In the cabinet also consists of the Vice President and any other person in the executive department that the President wishes, such as the Ambassador to the U.N. or a National Security Advisor. President George W. Bush created the Office of Homeland Security in 2001, adding its head to his Cabinet.

Typically, the cabinet meets on a regular basis but because the cabinet is not a constitutionally outlined institution, meetings can be at any interval. In fact, the cabinet may not necessarily ever meet at all. A President may even choose to not even have a cabinet. Some have questioned the need for a cabinet. The group does not always work effectively as a group and discussions between departments can break down into turf wars and petty rivalries. Some modern presidents have made little use of their cabinets. Former National Security Advisor under Jimmy Carter, Zbigniew Brzezinski, told of using the time to catch up on newspapers and magazines.

The Bush Cabinet (as of 09/21/2001):
Secretary of Agriculture (Ann Veneman)
Secretary of Commerce (Don Evans)
Secretary of Defense (Donald Rumsfeld)
Secretary of Education (Rod Paige)
Secretary of Energy (Spencer Abraham)
Secretary of Health and Human Services (Tommy Thompson)
Secretary of Housing and Urban Development (Mel Martinez)
Secretary of Interior (Gale Norton)
Attorney General (John Ashcroft)
Secretary of Labor (Elaine Chao)
Secretary of State (Colin Powell)
Secretary of Transportation (Norman Mineta)
Secretary of Treasury (Paul O'Neill)
Secretary of Veterans Affairs (Anthony Principi)
Chief of Staff (Andrew Card)
Environmental Protection Agency (Christine Todd Whitman)
Office of Management and Budget (Mitchell Daniels)
Office of National Drug Control Policy (John Walters)
United States Trade Representative (Robert Zoellick)
Office of Homeland Security (Tom Ridge)

Cab"i*net (?), n. [F., dim. of cabine or cabane. See Cabin, n.]


A hut; a cottage; a small house.


Hearken a while from thy green cabinet, The rural song of careful Colinet. Spenser.


A small room, or retired apartment; a closet.


A private room in which consultations are held.

Philip passed some hours every day in his father's cabinet. Prescott.


The advisory council of the chief executive officer of a nation; a cabinet council.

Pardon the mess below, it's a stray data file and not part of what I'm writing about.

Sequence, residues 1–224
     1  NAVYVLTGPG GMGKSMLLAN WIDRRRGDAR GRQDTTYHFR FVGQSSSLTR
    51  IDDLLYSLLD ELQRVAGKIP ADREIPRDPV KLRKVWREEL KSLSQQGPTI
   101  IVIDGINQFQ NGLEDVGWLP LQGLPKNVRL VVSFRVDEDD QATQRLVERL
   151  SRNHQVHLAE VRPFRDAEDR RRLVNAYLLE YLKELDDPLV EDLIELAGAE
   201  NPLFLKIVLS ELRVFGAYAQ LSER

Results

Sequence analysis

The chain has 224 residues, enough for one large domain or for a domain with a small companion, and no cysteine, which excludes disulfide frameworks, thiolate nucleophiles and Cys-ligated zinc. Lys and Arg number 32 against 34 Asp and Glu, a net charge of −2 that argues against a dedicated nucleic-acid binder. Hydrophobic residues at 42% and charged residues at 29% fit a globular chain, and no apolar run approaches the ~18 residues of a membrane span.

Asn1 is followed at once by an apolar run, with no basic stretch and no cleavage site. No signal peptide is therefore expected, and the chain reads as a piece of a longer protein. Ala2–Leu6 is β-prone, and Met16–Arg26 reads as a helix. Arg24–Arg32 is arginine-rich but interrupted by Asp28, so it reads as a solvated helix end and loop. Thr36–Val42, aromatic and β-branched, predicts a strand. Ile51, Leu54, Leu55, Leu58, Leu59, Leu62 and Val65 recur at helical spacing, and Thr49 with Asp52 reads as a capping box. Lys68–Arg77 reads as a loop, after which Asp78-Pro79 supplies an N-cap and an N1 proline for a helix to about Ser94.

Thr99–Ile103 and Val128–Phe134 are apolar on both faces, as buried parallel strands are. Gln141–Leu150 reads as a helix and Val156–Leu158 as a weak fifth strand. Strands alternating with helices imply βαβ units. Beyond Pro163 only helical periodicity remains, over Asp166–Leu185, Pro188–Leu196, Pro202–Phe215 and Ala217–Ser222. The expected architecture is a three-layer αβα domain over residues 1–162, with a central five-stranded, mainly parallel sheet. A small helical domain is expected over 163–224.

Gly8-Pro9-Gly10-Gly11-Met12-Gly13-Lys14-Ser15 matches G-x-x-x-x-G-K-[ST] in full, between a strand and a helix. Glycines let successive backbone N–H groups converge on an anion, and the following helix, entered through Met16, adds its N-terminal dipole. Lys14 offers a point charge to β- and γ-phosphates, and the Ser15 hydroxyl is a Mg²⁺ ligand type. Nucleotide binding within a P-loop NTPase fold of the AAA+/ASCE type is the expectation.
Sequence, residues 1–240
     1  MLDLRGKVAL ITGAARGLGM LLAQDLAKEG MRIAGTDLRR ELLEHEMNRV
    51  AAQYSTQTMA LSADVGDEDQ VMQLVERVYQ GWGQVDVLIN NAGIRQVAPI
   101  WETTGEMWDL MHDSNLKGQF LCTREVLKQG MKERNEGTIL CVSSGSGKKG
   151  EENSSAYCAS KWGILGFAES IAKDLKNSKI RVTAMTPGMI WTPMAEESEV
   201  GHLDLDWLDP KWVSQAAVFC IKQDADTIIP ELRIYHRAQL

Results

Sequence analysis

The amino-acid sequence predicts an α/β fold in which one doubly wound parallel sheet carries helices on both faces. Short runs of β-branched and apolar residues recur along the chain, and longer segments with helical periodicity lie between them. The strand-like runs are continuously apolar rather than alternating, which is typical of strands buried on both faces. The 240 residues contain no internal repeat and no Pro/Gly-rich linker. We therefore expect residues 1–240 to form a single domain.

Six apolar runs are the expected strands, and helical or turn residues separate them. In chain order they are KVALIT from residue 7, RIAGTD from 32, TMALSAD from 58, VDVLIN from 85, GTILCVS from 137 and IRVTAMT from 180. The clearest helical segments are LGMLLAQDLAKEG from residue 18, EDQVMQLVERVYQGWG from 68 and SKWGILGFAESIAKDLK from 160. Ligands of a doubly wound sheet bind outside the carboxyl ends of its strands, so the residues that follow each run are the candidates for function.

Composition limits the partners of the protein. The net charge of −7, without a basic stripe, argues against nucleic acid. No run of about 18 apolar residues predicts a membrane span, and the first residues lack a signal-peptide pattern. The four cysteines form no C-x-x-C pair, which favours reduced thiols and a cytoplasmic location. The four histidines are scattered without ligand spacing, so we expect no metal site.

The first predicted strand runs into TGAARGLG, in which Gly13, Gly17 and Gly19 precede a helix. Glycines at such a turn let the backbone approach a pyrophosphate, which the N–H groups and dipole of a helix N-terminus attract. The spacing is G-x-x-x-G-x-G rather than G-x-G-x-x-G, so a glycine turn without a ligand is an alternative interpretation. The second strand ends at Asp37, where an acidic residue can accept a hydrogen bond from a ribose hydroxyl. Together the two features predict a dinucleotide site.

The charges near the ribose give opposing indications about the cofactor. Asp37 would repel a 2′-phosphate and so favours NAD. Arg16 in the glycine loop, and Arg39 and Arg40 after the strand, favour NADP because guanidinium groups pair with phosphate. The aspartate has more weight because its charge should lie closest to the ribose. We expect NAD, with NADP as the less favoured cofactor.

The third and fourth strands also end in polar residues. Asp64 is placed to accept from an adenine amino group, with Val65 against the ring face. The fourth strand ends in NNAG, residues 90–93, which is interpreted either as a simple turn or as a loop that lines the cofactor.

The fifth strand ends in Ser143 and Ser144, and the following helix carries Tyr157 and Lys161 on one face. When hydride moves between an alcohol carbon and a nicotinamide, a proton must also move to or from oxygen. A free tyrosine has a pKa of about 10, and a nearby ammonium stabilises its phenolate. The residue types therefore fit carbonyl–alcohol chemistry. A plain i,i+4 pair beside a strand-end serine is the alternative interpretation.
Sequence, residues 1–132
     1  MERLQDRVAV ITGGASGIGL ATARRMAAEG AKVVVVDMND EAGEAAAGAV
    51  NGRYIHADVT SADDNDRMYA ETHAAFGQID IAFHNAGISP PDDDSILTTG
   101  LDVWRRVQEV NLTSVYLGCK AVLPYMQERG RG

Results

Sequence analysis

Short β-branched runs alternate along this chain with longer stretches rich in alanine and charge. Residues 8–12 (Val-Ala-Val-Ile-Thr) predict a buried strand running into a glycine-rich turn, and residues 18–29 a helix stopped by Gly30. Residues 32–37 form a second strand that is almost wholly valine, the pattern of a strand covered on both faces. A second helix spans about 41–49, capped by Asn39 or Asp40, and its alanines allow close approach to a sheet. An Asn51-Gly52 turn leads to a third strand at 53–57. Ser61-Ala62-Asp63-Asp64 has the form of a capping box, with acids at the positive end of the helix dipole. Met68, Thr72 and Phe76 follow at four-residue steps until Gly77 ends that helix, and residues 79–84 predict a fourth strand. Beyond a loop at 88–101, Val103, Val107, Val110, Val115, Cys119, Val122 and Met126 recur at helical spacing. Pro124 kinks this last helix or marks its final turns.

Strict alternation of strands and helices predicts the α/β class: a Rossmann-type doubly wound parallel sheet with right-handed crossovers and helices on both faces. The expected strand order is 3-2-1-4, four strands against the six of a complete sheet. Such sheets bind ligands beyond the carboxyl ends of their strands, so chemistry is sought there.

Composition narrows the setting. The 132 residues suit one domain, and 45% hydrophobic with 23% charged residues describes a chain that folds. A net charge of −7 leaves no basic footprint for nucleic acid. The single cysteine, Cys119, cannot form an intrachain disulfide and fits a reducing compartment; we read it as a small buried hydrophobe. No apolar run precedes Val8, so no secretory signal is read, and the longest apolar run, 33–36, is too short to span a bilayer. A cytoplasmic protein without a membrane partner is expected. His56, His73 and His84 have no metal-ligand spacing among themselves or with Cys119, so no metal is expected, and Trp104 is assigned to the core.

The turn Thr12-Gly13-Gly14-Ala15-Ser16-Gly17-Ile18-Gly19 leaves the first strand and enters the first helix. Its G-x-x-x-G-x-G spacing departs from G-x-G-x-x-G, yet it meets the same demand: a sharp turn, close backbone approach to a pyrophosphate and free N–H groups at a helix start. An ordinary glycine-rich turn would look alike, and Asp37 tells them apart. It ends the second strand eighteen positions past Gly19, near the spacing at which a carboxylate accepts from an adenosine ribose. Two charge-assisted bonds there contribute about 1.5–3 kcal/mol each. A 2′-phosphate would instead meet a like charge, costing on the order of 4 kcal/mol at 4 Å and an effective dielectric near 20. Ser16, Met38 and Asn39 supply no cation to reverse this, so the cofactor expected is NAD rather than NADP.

⇒ In England, the cabinet or cabinet council consists of those privy coucilors who actually transact the immediate business of the government. Mozley & W. -- In the United States, the cabinet is composed of the heads of the executive departments of the government, namely, the Secretary of State, of the Treasury, of War, of the Navy, of the Interior, and of Agiculture, the Postmaster-general ,and the Attorney-general.

5. (a)

A set of drawers or a cupboard intended to contain articles of value. Hence:


A decorative piece of furniture, whether open like an étagere or closed with doors. See Etagere.


Any building or room set apart for the safe keeping and exhibition of works of art, etc.; also, the collection itself.

Cabinet council. (a) Same as Cabinet, n., 4 (of which body it was formerly the full title). (b) A meeting of the cabinet. -- Cabinet councilor, a member of a cabinet council. -- Cabinet photograph, a photograph of a size smaller than an imperial, though larger than a carte de visite. -- Cabinet picture, a small and generally highly finished picture, suitable for a small room and for close inspection.


© Webster 1913.

Cab"i*net, a.

Suitable for a cabinet; small.

He [Varnhagen von Ense] is a walking cabinet edition of Goethe. For. Quar. Rev.


© Webster 1913.

Cab"i*net, v. i. [imp. & p. p. Cabineted; p. pr. & vb. n. Cabineting.]

To inclose




© Webster 1913.